An article review on The ICC and language teaching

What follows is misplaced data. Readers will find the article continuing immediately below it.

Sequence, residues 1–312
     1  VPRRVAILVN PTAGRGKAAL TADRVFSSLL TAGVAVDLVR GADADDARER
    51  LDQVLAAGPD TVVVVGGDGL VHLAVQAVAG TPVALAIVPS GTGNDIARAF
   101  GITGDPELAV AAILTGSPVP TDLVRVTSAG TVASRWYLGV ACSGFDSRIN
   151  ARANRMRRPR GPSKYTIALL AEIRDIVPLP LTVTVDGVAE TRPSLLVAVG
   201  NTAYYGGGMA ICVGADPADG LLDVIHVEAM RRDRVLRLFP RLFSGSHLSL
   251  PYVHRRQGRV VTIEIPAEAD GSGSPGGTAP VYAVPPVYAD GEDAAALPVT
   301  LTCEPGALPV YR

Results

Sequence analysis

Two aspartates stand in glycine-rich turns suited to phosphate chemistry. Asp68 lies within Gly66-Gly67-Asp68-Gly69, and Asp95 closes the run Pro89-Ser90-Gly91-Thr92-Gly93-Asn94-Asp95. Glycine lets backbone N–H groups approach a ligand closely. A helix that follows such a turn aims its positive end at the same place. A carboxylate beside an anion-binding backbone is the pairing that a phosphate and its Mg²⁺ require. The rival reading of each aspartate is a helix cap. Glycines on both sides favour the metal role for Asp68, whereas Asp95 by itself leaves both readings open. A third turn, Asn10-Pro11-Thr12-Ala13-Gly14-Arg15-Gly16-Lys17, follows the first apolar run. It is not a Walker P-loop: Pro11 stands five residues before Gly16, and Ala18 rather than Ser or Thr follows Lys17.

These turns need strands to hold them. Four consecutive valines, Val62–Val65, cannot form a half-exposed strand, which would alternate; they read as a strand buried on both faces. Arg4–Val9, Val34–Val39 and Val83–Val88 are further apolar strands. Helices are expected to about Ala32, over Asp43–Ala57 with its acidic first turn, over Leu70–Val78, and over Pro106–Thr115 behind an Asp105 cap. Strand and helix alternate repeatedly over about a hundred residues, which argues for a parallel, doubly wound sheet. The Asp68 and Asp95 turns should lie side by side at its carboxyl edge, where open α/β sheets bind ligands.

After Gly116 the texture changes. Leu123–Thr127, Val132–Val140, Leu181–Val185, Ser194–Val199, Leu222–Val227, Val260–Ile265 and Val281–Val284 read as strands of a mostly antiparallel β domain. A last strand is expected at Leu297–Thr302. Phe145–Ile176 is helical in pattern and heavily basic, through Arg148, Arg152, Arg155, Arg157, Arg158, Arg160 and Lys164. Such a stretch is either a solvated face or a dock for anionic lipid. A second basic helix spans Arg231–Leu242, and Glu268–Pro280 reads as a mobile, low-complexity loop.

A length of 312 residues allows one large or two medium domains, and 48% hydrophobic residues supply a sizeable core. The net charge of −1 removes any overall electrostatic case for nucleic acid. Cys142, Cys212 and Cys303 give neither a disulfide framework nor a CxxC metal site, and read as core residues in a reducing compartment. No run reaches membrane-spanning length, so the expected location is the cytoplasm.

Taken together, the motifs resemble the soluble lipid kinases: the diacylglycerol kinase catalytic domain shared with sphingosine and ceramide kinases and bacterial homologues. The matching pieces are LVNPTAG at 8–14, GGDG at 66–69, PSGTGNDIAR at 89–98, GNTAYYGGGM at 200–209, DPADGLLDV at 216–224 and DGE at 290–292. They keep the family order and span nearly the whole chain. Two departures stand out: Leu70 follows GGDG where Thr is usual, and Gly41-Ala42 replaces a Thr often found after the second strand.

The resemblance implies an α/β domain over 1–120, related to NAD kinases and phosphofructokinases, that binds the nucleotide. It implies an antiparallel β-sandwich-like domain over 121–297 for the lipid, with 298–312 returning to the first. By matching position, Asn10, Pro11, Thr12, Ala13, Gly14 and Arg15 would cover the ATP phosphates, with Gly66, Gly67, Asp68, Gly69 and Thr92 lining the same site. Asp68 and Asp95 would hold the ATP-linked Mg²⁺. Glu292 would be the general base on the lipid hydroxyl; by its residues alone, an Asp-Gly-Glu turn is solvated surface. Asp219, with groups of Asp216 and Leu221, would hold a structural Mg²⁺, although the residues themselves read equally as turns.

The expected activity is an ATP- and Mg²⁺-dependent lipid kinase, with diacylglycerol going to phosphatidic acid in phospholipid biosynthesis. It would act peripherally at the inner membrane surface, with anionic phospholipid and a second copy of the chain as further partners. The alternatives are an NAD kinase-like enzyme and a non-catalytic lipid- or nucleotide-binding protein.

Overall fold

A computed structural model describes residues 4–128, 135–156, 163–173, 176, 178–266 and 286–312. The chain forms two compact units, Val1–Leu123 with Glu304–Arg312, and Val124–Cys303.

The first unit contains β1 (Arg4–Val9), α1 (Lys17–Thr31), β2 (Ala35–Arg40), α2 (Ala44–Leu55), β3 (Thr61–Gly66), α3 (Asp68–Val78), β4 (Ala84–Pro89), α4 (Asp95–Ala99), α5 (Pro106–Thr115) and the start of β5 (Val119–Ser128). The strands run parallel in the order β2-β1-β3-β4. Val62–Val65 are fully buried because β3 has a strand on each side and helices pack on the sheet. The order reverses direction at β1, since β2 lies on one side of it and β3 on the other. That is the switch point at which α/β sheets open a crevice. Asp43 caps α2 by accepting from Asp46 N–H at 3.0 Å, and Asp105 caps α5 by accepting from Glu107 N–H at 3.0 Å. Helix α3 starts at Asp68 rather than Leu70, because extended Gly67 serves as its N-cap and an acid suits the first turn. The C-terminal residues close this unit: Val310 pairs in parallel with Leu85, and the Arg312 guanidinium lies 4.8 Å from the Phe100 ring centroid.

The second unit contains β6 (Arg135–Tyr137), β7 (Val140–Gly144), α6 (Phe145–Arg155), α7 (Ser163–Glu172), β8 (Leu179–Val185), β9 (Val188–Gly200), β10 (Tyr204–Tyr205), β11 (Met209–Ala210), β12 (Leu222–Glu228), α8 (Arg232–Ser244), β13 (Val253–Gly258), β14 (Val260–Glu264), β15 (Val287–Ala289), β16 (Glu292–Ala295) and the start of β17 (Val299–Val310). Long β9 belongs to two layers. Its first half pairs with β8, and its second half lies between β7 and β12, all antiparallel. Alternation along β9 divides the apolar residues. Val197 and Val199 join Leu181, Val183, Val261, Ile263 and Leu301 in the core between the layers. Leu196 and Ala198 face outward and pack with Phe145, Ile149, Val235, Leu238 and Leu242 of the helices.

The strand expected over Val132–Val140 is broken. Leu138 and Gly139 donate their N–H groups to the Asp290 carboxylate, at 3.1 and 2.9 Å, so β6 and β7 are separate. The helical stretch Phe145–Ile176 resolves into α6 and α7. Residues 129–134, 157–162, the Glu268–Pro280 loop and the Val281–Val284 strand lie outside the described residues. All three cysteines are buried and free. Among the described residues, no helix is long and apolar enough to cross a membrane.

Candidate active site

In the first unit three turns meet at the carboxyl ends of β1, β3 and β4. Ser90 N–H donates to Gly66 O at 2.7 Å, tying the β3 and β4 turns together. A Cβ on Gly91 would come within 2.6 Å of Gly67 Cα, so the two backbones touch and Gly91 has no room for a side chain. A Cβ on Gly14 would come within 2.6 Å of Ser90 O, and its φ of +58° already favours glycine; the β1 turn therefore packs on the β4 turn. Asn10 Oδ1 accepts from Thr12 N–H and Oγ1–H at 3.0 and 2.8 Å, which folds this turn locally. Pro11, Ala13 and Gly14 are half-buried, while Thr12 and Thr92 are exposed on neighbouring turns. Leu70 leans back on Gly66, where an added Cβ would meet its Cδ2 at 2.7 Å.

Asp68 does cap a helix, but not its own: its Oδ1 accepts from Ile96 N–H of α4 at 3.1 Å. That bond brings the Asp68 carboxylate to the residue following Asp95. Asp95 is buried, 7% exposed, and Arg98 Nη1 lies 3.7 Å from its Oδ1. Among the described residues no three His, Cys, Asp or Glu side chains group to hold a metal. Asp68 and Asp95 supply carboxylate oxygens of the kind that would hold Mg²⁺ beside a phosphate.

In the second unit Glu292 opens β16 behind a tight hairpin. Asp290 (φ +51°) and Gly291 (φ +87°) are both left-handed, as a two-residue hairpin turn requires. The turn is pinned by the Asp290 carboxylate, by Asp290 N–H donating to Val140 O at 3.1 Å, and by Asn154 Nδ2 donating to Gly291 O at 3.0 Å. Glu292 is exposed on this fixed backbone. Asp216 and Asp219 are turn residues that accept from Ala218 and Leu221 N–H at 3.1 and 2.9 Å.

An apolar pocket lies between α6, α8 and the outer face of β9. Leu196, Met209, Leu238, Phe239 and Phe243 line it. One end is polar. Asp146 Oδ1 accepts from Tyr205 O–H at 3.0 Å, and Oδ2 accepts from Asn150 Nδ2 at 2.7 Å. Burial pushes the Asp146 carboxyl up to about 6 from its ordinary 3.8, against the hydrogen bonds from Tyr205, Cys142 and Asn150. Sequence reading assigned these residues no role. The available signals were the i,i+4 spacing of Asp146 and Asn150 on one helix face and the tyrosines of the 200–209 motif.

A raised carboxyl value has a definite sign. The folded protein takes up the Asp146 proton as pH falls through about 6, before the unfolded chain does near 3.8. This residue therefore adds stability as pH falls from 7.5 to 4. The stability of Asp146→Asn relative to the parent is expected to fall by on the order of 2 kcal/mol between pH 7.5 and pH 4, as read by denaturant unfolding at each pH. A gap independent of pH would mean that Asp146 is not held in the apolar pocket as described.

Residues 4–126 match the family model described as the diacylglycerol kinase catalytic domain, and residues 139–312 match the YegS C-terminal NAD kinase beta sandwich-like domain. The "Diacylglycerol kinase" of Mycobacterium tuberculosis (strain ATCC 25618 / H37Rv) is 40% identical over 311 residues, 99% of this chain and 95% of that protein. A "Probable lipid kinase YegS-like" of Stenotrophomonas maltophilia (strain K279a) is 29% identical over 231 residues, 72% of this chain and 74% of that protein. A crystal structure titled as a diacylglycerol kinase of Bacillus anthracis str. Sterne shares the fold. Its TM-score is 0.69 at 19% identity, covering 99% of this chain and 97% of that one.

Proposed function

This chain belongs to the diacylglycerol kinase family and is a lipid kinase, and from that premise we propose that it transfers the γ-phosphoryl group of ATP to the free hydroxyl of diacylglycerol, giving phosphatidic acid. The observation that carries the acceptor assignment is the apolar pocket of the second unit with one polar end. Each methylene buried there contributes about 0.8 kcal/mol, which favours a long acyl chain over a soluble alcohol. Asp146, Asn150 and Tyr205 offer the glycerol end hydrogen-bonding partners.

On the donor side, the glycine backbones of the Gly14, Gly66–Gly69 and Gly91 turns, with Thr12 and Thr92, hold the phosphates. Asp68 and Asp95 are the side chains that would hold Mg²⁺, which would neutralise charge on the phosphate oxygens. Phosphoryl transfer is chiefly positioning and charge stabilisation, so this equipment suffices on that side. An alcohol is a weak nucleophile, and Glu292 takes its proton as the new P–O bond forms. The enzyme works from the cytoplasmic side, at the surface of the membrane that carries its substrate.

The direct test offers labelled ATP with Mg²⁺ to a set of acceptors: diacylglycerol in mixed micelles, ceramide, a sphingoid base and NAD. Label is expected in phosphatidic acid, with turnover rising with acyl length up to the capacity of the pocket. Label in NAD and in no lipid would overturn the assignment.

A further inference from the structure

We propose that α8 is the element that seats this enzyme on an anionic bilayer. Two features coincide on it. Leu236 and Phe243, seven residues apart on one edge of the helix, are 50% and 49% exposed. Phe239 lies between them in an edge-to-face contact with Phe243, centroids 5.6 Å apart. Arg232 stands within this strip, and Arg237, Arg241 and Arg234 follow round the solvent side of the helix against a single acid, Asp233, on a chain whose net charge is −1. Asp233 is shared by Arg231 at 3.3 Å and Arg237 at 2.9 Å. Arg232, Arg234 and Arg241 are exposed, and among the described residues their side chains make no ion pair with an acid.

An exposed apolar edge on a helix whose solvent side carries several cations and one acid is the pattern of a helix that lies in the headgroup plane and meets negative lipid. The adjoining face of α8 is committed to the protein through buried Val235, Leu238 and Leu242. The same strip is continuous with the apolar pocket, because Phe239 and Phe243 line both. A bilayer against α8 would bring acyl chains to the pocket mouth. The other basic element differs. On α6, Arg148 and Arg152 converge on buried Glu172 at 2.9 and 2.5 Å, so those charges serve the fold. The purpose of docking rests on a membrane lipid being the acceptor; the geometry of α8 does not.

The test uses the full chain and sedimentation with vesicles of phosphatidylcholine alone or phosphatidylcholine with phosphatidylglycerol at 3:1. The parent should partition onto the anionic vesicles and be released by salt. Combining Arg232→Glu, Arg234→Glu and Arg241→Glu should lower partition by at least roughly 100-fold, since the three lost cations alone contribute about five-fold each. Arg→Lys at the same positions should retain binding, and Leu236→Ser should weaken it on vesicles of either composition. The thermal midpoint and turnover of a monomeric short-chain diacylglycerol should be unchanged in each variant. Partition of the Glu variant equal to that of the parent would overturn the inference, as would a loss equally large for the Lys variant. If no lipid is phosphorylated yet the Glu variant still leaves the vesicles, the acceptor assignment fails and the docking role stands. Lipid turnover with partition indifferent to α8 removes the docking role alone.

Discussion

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M.A. IN ENGLISH LINGUISTICSCOURSE: ACADEMIC WRITINGStudent: NGUYỄN LÊ UYÊN MINHStudent’s ID: 1741900025Class: 17SNA12----------------------------------------Final Assignment: ARTICLE REVIEWHismanoglu, M.(2011). Investigation of ELT students’ intercultural communicative competence in relation to linguistic proficiency, overseas experience and formal instruction. International Journal of Intercultural Relations. 35(6), 805–817.“An investigation of ELT students’ intercultural communicative competence in relation to linguistic proficiency, overseas experience and formal instruction” is an article written by Murat Hismanoglu and published in the International Journal of Intercultural Relations in the August 2011 issue. The chosen article discusses the relationship between intercultural communicative competence (ICC) and language teaching. In this paper, I summarize the article, review as well as comment on selected aspects and suggestions to the issue raised.Summary of the ArticleAccording to the author the article, Hismanoglu, over the past several decades, in the process of globalization, humans have interacted with the rest of the world in a wide variety of fields and realized how important intercultural communication is for foreign language teaching. Hismanoglu provided an investigation of the intercultural communicative competence (ICC) among ELT students in connection with linguistic ability, experience of people who study and work in English-speaking nations (e.g. Britain, the USA and Australia) and instructions in ICC in the context of teaching English as a foreign language (TEFL)/ teaching English as a second language (TESL). The findings of the article shed light on the three main questions: 1) how has linguistic proficiency influenced the learning of intercultural communicative competence? 2) how has overseas experience influenced the learning of intercultural communicative competence? and 3) how has formal education influenced the learning of intercultural communicative competence?To answer these questions, the researcher conducted a quantitative research study with 35 ELT students of European University of Lefke (EUL) involved in. They were randomly selected. Thirteen were females and twenty-two were males. Their average age was 20, from 18 to 22. Six students used to go abroad while the rest of them did not. Of the six students with overseas experience, three of them had formal education in regard to the ICC. Ten students got ICC formal instruction, whereas twenty-five students did not take formal education regarding the ICC. Accordingly, the investigator employed a questionnaire instrument with two sections of data collection. The first part consists of a set of demographic questions about students’ native language, gender, linguistic proficiency, year of education, overseas experience and formal education. Subsequently, the students were administered the given eight different communicative situations to respond in the second stage. The board of several intellectual experts developed and evaluated the instrument content and validity. Previously, the students took a KPDS exam (Proficiency Exam for Academics) for testing vocabulary, grammar, translation, and reading literacy. Based on the scores on the exam, the researcher grouped the participants into high proficiency (the score of 60 and above) and low proficiency (below 60). After the data collection conducted, the data received from the survey have been changed for Statistical Package for the Social Sciences (SPSS, version 16.0) analysis through the process of coding. The descriptive statistics were used to obtain the patterns of personal information and the intercultural communication competence part. The t-tests with numeric uncontrolled samples were a tool to investigate the significant differences in linguistic proficiency, overseas experience and formal education in ICC learning. For the overall, the results of the study answer the research questions and hypotheses mentioned. First, the acceptable responses of thirty-five participants generally outweigh the unacceptable responses to the given dissimilar eight communicative situations that illustrate the ICC success of ELT students. Second, the high linguistic proficiency group of students acquires better ICC. Third, the students with overseas experience outstandingly master the ICC. Finally, the formal education fosters the ICC acquisition of the students. The conclusion includes the summary of the research findings and recommendations for language teachers in teaching ICC.Critique of the ArticleI found the article an amount of interesting knowledge that fulfills my “terra incognita” (Beatty, 2010) in the cognitive map with respect to the intercultural communicative competence. The author has sufficiently established the significance of the research and yet several inevitable weaknesses which are presented in every part. To begin with, the title of the article and abstract follow the guidelines of the Publication Manual of the American Psychological Association (APA, 2009). It is informative and completely clear that indicates the relationship between “ELT students’ ICC” as an independent variable and “linguistic proficiency, overseas experience and formal instruction” as dependent variables. The title also avoids abbreviations, irony, puns, and humor (Hartley, 2008); however, its length is more than 12 words beyond the APA recommendation. The abstract describes the key points of the research, including the purpose statement, research questions, participants, methods, results, data analysis, and conclusions. Besides the abstract, the author marks down ‘keywords’ which would make it easier for readers to reach this article.In the introduction, the problem statement clearly indicates the persuasive context for the study that needs considerable attention. The description of “a paucity of literature” (Sakuragi, 2008) needs to be filled. The dominant purpose of the article is to explore what extend the ICC level of ELT students is affected by distinctive variants such as linguistic knowledge, living in an English speaking country and instruction in ICC. The literature review is relevant and supplies reasons and significance of the study. The author does a good job of expounding some of the terms like communicative competence (CC) and intercultural communicative competence (ICC) from explicit citations and references that followed the APA structure guidelines. In the section on research methods, Hatch and Lazaraton (1991) recommend a basic requirement that “the sample should include 30 or more people" (Dörnyei, 2003). The investigator described the sample size (i.e., 35 students) and their characteristics that are appropriate for the method of research represented. The author did not contrive the samples, and the real students in the real school satisfy the reliability and validity. In addition, the study follows a descriptive research design that is “cross-sectional” comparing different population groups at a specific point in time (Cohen, Manion, and Morrison 2007) in order to provide readers a general picture of the research design and procedures. For instruments in the data collection, the research survey encompasses a two-pronged approach, including demographic questions about the background of students and the given eight different communicative situations. Notwithstanding, the article did not refer the rationales behind the choice of piloting instruments. Without any rewards mentioned in the study, the test-takers for linguistic proficiency exam may not give enough effort to it; consequently, the test scores were not totally plausible. During the data analysis procedures, the researcher utilized the software SPSS that Dörnyei (2003) describes as “a unique and powerful qualitative data analysis module.” Moreover, the descriptive statistics, “a tidy way of presenting the data” to save time and space (Dörnyei, 2003), w